Despite research on the dramatic changes in marriage, there is a dearth of research on the correlates of marriage and romantic involvement among older African Americans.
This is an important omission because although the marriage decline is universal, African Americans show the steepest decline in marriage rates. Based on data from the National Survey of American Life, multinomial logistic regression analysis is used to identify demographic and health correlates of: 1 being married or cohabiting, 2 having a romantic involvement, 3 not having a romantic involvement but desiring one, and lastly, 4 not having and not desiring a romantic involvement. More men than women are married or cohabiting, a gap that increases with advanced age. Across all age groups, African American women are more likely than their male counterparts to report that they neither have nor desire a romantic relationship.
Findings support social exchange theories and the importance of an unbalanced sex ratio. Furthermore, the suggest that singlehood among older African Americans especially women is not necessarily an involuntary status. Nonetheless, this group is at higher risk of economic and health problems as they age. This is an open access article distributed under the terms of the Creative Commons Attributionwhich permits unrestricted use, distribution, and reproduction in any medium, provided the original author and source are credited.
It has been downloaded over 1, times and can be analyzed online. Competing interests: The authors have declared that no competing interests exist. The drastic decline in U. Marriage decline, along with older age at first marriage [ 2 ], growth of non-marital cohabitation [ 3 ], and increases in remarriage rates [ 4 ], reflect important demographic trends in marriage and relationship behaviors. ificant demographic changes also impact older adults, a population that is expected to double between and [ 5 ].
Roughly one-third of Baby Boomers born between — are currently unmarried [ 7 ]. Therefore, findings from marriage and relationship research using predominantly White samples cannot be generalized to African Americans. We seek to remedy this gap by investigating the sociodemographic and health correlates of marriage, romantic involvement, and desire for a romantic union among a national sample of older African Americans.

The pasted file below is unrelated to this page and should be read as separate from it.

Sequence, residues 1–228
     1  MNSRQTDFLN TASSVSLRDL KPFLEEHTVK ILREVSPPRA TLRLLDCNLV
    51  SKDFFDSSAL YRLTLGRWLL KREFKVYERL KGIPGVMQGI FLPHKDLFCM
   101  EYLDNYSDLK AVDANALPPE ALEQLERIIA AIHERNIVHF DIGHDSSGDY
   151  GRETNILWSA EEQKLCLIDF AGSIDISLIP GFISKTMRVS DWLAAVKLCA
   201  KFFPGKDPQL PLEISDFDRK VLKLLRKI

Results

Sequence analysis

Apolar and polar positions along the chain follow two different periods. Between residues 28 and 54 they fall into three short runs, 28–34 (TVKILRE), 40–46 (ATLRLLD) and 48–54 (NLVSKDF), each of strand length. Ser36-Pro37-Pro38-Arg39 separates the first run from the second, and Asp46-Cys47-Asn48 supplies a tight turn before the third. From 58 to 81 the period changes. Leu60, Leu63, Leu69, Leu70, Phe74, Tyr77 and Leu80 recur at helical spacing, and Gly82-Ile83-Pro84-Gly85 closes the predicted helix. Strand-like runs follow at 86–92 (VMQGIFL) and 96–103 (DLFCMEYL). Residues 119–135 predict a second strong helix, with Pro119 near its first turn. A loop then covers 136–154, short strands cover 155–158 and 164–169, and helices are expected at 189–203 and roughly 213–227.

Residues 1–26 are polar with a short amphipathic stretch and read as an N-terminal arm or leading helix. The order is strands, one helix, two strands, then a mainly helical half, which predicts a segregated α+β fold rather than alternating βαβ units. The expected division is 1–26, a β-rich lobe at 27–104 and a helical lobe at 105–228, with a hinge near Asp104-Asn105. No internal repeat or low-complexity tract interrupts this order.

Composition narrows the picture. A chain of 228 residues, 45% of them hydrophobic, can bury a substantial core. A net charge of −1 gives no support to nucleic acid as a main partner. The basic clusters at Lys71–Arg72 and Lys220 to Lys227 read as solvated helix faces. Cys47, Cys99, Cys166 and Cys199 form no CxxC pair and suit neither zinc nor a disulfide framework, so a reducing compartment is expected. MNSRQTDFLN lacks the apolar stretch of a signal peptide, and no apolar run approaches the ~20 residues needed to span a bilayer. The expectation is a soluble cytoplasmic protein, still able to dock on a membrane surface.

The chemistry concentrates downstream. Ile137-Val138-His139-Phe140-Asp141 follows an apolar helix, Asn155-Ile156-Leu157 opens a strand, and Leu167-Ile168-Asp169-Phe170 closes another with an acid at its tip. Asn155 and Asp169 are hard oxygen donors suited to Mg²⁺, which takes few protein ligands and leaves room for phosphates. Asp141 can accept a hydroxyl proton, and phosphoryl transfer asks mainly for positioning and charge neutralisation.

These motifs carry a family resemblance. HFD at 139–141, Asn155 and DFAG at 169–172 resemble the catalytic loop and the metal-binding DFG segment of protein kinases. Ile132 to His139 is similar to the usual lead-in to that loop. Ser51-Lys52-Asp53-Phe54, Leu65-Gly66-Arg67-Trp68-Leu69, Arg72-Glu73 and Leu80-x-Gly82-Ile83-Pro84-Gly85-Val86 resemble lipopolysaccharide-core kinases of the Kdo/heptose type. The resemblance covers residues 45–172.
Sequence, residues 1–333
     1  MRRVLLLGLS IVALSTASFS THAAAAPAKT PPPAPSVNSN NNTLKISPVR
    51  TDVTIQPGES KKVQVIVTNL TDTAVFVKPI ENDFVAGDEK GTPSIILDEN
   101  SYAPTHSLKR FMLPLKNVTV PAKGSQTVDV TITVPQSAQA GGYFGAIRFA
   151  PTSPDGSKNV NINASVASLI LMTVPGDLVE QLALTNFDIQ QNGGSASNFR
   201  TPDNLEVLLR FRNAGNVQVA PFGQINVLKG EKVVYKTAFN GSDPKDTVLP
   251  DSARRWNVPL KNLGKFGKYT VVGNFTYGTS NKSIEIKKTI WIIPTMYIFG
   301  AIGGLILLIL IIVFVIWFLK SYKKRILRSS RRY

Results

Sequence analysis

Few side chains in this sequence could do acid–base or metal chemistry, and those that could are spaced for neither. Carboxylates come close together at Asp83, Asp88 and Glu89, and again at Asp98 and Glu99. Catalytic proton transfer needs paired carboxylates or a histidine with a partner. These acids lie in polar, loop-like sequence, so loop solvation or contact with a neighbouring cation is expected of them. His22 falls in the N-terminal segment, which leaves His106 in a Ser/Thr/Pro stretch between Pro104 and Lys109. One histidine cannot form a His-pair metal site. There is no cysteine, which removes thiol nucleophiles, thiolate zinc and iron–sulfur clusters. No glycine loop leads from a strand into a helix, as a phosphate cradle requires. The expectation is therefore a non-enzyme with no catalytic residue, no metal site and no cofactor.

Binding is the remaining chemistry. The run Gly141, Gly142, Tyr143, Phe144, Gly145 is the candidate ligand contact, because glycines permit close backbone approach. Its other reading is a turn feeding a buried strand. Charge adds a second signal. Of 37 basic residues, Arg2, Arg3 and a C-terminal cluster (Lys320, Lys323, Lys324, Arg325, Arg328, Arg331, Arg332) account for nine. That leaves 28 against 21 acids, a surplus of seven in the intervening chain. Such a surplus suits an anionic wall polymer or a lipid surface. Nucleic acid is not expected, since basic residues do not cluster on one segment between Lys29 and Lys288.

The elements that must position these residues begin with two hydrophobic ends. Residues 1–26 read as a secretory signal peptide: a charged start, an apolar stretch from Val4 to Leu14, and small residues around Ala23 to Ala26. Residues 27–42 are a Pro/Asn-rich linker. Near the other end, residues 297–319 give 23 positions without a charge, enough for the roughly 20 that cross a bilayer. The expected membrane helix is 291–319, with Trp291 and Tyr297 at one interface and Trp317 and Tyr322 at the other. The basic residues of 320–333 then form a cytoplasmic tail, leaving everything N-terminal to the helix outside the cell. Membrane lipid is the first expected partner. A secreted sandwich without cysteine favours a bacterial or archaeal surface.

A major emphasis of this study is also examining non-marital romantic relationships among older African Americans. However, it is important to note that in the early s, Tucker and colleagues [ 12 ] examined this issue among older African Americans. Theoretical perspectives on relationship formation and marriage identify several factors that potential partners consider before entering romantic unions.
The present analysis is framed by two related perspectives on marital and relationship behaviors— social exchange theory assessments of costs and benefits of unions and the sex ratio imbalance disparities in the proportion of females and males. These perspectives operate in a complementary manner in characterizing the broader context within which opportunities, constraints, and decisions about marriage and relationship formation for African Americans occur.
Individuals employ a rational choice approach in deciding whether to enter a romantic relationship by weighing both economic and non-economic advantages and disadvantages. If the costs of investing in a social relationship exceed the expected benefits, individuals often decide not to engage. If a satisfactory balance of costs and rewards e.
If the cost-reward balance shifts over the course of a social relationship, individuals may choose to disengage. Perceived alternatives to the current partner is another factor influencing decisions to initiate and maintain relationships [ 15 ]. Individuals may decide to invest in an alternative relationship given a perceived opportunity to attain a more favorable cost-reward balance e.
Applied to marriage and romantic involvement, social exchange theory can be used to understand how demographic e. Consistent with social exchange theory, prior research indicates that sociodemographic characteristics are important correlates of marriage and romantic involvement. Marriage is strongly associated with socioeconomic status; persons of higher SES are more likely to become and remain married [ 21617 ]. Age is also inversely associated with dating, marriage, and the desire for marriage and remarriage [ 218 — 20 ].